Well, I just failed at another novena. And this was not just any failure; this was one of my worst.
I began, as I always do, with such great intentions. I was going to pray a novena to St. Thérèse of Lisieux, for the intention of my son and his fiancée who are getting married later this month. I have great affection for this young and passionate saint who promised to spend her heaven “doing good on earth,” and I just knew she would intercede, so that this young couple might be showered with blessings as they begin married life together. I signed up to receive the daily reminders from PrayMoreNovenas.com and I was ready to go.
But then I missed a day. Undeterred, I resolved to catch up on the novena the next day, but then I missed that one too. By the time St. Thérèse’s feast day rolled around and the novena was supposed to be completed, I was still on day 3. I shared the shame of this epic failure with my oldest daughter who reminded me of something I have always told her – that when we have good intentions and we pray a novena with a group of others, we help each other along. If one of us misses a day, the others who are praying fill in that gap, and so by the end, we have all completed the novena, even if we weren’t perfect about it.
I raised an eyebrow at my daughter. Missing a day or two is one thing, but this was a really bad showing, not something that deserved that kind of understanding and compassion.
But then, isn’t God’s mercy just like that?
It’s hard for us to fathom a God so good and so loving that he forgives us again and again, that he makes up for where we are lacking over and over, and never grows weary of encouraging us, helping us, and providing for our every need, even when our faith is weak and our follow-through is pathetic at best.
St. Faustina, an early twentieth century Polish nun whose apparitions of Jesus inspired devotion to Divine Mercy, and whose feast day we celebrate on October 5, had just this kind of confidence in the generosity and faithfulness of God. In her diary she writes:
“Oh my Jesus, how very easy it is to become holy; all that is needed is a bit of good will. If Jesus sees this little bit of good will in the soul, he hurries in to give Himself to the soul, and nothing can stop Him, neither shortcomings nor falls — absolutely nothing.”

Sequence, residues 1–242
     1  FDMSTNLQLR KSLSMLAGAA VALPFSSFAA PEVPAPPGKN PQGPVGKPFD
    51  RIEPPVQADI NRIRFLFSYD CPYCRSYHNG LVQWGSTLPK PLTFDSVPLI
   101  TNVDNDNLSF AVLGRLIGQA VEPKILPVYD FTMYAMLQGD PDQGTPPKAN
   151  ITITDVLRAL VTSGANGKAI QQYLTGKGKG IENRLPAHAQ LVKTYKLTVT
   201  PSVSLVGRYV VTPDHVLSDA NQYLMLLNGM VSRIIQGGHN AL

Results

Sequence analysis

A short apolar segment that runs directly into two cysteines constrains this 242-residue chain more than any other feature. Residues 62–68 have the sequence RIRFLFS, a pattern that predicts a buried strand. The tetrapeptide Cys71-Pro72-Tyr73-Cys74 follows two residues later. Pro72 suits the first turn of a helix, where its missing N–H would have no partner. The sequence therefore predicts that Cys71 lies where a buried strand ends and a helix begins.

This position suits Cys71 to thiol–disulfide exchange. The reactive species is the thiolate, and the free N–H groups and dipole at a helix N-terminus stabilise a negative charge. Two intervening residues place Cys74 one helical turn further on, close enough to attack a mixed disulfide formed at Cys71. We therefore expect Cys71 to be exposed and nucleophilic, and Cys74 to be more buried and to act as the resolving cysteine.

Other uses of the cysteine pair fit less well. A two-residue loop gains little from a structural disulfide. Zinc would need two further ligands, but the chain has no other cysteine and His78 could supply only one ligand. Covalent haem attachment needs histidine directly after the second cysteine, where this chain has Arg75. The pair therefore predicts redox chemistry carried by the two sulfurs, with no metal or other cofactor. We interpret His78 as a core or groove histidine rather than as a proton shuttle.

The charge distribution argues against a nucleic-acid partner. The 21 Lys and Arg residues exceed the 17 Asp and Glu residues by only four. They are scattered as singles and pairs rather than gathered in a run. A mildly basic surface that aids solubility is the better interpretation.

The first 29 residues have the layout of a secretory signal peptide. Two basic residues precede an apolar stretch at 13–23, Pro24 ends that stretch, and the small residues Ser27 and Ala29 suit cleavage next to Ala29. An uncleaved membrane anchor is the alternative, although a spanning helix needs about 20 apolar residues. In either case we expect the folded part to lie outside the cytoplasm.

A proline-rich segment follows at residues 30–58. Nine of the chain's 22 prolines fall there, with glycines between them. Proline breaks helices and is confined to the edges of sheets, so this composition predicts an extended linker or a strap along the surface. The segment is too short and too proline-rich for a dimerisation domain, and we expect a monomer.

Nothing can stop him. I like the confidence that words like these inspire. I’m encouraged by the idea of needing only “a little bit of good will” to become holy. I think even I, with my lackluster novena skills, might have that.
Throughout her life, Mother Seton also modeled a simple confidence in the goodness of God.
It’s easy to say words like this, but more challenging to live them out, and Elizabeth always did live them out. Through financial crises, sickness, quarantine, widowhood, and the early deaths of two of her children—arguably the worst calamity any parent can suffer—she persevered and trusted in the goodness of God.
It can be easy to look at the lives of the saints and romanticize them. I’m sometimes tempted to picture Elizabeth as a statue on a pedestal, steadfast and faithful, but not quite real, not quite as “in the world” as the rest of us. There is a danger of sanitizing the lives of the saints, so much so that we wind up feeling that they have little relevance to the kinds of struggles we face in our humdrum daily lives.
However, when we consider the details of St. Elizabeth Ann’s life, we can clearly see that they were anything but other-worldly. Her daily struggles were very much like our own, especially in this time of COVID-19. She nursed loved ones who were dying from tuberculosis, a disease that causes high fevers and the coughing up of blood. This is not romantic. The experience of grieving for a husband and struggling to provide for the children he left behind while his business failed is something many single mothers—whether widowed or divorced—have experienced.
And yet, through all these challenges and sufferings, Elizabeth brought her “little bit of good will” and trusted that God would provide the rest. And He did. She went on to found a school that provided academic and spiritual instruction for poor girls who had few other options, as well as a community of women religious.
In the end, the legacy of St. Elizabeth Ann Seton’s “little bit of good will” changed the lives of not only her family members, students, and religious but thousands of others who benefited and continue to benefit from the American parochial school system that has grown from her work and her life.
Today, I’m not facing a crisis of any kind. My children are healthy, thank God, and so am I. What I am facing are work deadlines and piles of dirty soccer uniforms and socks that are taking over the laundry room; I’m facing a disgruntled teen who needs help writing a lab report and a dog that needs to be taken to the vet. These are admittedly trivial crosses and nothing on the order of what Mother Seton had to bear. Nevertheless, they are not any less real for that.
Inspired by the examples of St. Faustina and St. Elizabeth Ann Seton, I can bring my own little bit of good will to the small tasks that God sets before me and trust that He can accomplish great things through them.
Who knows? After the laundry, lab report, and the vet, I might even finish praying that novena.
DANIELLE BEAN is the brand manager for CatholicMom.com and former publisher and editor-in-chief of Catholic Digest. Danielle is author of several books for women including Momnipotent, You’re Worth It! and her newest book, You Are Enough. She is also creator and host of the Girlfriends podcast and a popular speaker on a variety of subjects related to Catholic family life, parenting, marriage, and the spirituality of motherhood. Learn more at DanielleBean.com.
This reflection was originally published in 2021. Click here to read all Seton Reflections.